None of our clean driving history would count towards the premium - the policy holder's does if at all.  You still are of no fixed abode so the only advantage that I see for insurance companies is that the responsibility for your whereabouts then falls on the policy holder.  You sign a direct debit form so the cost of the insurance is automatically deducted into the holder's account.  You are the same person (as one who might themselves want to hold a policy yourself); so in my mind this system still defies logic.
 
Then it gets complicated.  Sometimes you are still allowed to register your vehicle (or at least the one you paid for) in your name with the insurance in someone else's name and sometimes not.  If the later then you may feel the need to draw up a letter of ownership that acknowledges that you own the vehicle although the insurance and registration is in someone else's name.  Only the person with their name on the registration papers can sell the vehicle though so that adds another complication if like us you intend to own it for a fixed period of time and sell it thereafter.
 
So we decided that the only way to again, be honest, responsible and hopefully save ourselves some money (by being able to apply our no claims history) was to look for an insurance company that would work with us directly.  You have no idea how many we tried.  Local ones, national ones, UK ones, US ones, NZ ones, ex-pat ones etc.  Then we contacted the online insurer that the vendor of the vehicle used, and started the process of clarifying their policy.  They were fine with knowing that we were only at the address we used temporarily (not officially registered there) and were more focussed on it being in the same area as where the vehicle was to be registered.  They agreed to apply 10 years of our total no claims history to their policy.  We increased the forecast kilometres three-fold and they still came in at about half the price of the first one through the broker.
 
 
NO FIXED RESIDENCE
 
We had the insurance but still no permanent residency so seemed little further ahead to driving the vehicle we owned.
 
As I wasn't getting anywhere dealing with people or they were evading my questions I turned my focus to see where in the law it says you have to be registered as a person to register a vehicle.
 
The most pertinent one of around 5 or 6 inter-related pieces of legislation was the Fahrzeug Zulassungsverordnung (FZO) which I read several times from beginning to end, convincing myself that I had found a possible alternative (FZO 46.2.2) but not being sure, as I was no expert in German law let alone German language.  Oh, and you never, never, never tell a German official in any way shape or form that they don't know how to do their job!!!  EVER!  Just like you can not expect them to know anything about any related department or law as "it's not my job"!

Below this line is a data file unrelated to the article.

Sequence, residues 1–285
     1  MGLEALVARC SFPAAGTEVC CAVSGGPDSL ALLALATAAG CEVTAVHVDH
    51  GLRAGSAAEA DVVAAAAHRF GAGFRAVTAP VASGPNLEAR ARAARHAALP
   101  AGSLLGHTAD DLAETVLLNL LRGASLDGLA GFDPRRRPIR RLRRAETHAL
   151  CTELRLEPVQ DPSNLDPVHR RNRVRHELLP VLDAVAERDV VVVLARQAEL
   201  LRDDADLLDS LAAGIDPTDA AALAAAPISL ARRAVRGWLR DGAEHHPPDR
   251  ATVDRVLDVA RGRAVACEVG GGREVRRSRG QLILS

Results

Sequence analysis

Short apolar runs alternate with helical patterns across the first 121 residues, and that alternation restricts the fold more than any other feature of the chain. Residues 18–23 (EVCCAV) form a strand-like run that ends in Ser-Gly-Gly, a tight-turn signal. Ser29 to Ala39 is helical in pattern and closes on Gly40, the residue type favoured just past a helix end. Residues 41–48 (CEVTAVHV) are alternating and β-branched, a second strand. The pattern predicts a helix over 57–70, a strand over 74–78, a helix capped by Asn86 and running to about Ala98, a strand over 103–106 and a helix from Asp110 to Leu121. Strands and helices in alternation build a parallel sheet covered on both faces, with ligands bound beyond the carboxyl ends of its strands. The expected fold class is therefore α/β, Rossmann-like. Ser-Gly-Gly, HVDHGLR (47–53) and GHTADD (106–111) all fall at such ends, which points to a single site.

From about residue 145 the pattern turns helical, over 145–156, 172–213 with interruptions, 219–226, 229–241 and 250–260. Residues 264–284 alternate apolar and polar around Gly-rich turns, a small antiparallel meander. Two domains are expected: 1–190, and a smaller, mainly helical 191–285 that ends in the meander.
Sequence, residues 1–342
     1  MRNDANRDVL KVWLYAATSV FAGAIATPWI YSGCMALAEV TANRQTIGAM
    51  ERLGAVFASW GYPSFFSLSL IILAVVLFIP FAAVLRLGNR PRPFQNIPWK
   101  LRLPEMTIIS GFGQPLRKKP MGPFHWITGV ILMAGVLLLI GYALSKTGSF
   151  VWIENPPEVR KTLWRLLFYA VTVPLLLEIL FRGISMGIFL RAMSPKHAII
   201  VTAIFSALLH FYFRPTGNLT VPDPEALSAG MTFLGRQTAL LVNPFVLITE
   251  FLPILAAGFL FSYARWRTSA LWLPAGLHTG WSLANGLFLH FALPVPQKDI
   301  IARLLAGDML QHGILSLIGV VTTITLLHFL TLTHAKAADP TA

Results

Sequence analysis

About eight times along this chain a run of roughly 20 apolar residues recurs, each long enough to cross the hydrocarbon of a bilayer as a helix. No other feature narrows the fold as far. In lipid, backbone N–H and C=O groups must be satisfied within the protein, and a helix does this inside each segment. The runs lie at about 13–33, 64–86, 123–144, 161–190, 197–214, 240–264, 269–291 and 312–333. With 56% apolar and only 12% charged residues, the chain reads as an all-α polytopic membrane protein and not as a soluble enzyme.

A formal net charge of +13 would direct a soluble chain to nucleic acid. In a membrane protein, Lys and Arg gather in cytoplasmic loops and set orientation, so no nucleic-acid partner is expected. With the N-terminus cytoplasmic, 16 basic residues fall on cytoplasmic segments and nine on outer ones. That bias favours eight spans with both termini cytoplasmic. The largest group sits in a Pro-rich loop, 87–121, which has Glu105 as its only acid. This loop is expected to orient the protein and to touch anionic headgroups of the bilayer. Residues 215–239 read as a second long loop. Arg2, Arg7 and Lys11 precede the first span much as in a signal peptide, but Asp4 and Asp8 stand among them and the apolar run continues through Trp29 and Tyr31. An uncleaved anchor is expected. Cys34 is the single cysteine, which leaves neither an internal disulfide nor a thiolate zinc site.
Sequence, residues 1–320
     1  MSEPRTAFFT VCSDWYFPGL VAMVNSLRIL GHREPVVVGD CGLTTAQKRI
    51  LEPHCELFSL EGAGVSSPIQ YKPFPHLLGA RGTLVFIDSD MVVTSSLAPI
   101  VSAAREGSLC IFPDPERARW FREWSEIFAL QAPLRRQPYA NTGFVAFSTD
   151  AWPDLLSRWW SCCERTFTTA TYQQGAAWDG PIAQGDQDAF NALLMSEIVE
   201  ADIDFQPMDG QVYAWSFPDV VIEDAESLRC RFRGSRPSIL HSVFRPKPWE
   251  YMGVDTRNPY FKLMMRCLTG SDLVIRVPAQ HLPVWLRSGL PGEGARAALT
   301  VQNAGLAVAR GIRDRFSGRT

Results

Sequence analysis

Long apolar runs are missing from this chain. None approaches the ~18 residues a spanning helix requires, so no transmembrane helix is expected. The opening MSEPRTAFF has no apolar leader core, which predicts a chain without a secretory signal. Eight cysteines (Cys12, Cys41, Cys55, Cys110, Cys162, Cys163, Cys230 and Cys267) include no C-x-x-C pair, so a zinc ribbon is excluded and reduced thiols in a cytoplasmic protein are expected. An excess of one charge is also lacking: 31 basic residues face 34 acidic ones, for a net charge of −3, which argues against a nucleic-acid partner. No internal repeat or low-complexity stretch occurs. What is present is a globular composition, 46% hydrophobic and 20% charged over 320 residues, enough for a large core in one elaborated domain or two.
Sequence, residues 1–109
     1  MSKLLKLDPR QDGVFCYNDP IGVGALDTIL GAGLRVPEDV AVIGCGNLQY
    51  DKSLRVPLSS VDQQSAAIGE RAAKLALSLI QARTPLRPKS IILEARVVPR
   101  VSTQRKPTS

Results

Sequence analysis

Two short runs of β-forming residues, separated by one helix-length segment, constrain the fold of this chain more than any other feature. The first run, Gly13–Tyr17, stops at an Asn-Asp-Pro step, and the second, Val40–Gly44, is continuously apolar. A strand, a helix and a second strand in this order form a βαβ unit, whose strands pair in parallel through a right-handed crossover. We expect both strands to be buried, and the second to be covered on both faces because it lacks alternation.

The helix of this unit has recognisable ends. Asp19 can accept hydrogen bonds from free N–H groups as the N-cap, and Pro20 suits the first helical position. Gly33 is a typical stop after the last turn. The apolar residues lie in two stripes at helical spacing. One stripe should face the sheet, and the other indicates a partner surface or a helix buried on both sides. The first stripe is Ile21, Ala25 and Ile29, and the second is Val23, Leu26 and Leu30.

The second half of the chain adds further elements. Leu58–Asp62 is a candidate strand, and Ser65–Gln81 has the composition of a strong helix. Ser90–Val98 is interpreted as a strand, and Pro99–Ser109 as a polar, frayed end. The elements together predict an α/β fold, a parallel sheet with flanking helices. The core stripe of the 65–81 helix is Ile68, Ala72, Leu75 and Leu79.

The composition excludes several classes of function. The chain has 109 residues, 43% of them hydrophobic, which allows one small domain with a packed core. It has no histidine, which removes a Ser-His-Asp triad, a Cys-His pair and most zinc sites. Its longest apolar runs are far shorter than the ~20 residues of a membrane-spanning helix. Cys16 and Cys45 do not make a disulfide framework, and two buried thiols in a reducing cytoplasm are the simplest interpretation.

SUCCESS
 
Anyway, a kind soul in a high ranking military position started to phone various registration offices for us to sound them out; and like us were told one thing by one person and another by another, being swept up a bit in bureaucracy themselves.  Then the day came that we were both convinced that there ought to be a way forward and I should go in for the third time to the car registration office and try my luck.
 
The short story was that it worked.  The slightly more useful discourse was that we had to speak to the boss, and instead of applying the specific law I found chose to apply a law meant for gypsies (Landfahrer) or those without a permanent residence outside of their mobile home (ohne festen Wohnsitz).  He was the only one in the entire registration office that knew about this possibility.  The only additional document we needed was an authority to appoint a person as an agent for service (Erklärung zum Empfangsberechtigten) that appears as the official address in the national vehicle register.  This person agrees to forward you any mail you receive regarding the registration, taxation or fines for your vehicle in a timely manner.  We already had that form filled out, much to the utter surprise of the gentleman, as this was part of the solution I was hoping to apply.  
 
For the record the forms you need to register a vehicle in Germany are:
 
* Ownership papers part 1 & 2 (Fahrzeugpapiere Teil 1&2)
* (Electronic) insurance policy code (eVB)
* Direct debit authority for tax (SEPA für Steuer)
* Passport (Reisepasse)
* Current warrant of fitness and emissions test (HU / AU)
 
and the most important document in this case is the appointment of an agent for service ("Erklärung zum Empfangsberechtigten" form). 
 
You will also need a set of license plates to have the official registration stickers placed on.  You can either have these pressed at any of the private plate pressing companies located near each government registration office or online prior to your visit. We already had ours.
 
Two weeks after our first frustrating attempt to register our vehicle we walked out with our official license plates etc to drive our own car.  It did not sink in for a while.  Someone said 'yes' and finally made it possible for us.  We had paid for the car, we had insured the car, and we had registered that car all without needing to be resident.  Who would have thought?!  
 

If this post helps you or someone you know register a vehicle more easily (as a non-resident), we'd love to hear from you - it would make our trials worth it.

12 January 2016

 

Our miracle home in the woods

 
Having been in Germany before I realised that German's have a long-standing culture that brings with it traditions and ways of doing things.  That's part of what I like here.
 
What I didn't expect is to be blind-sided by the extreme of her bureaucracy, not once but several times.
 
A German friend once said "Things in Germany are complicated but they should work" and I understand now that it wasn't a one-off comment to the first challenge we had but an apt remark about officialdom.
 
 
CHALLENGE ONE
 
We knew we wanted a bank account in Germany instead of using our money cards from home that charge exorbitant fees for use overseas.  We narrowed it down to 3 main contenders who looked to extend their services to foreigners.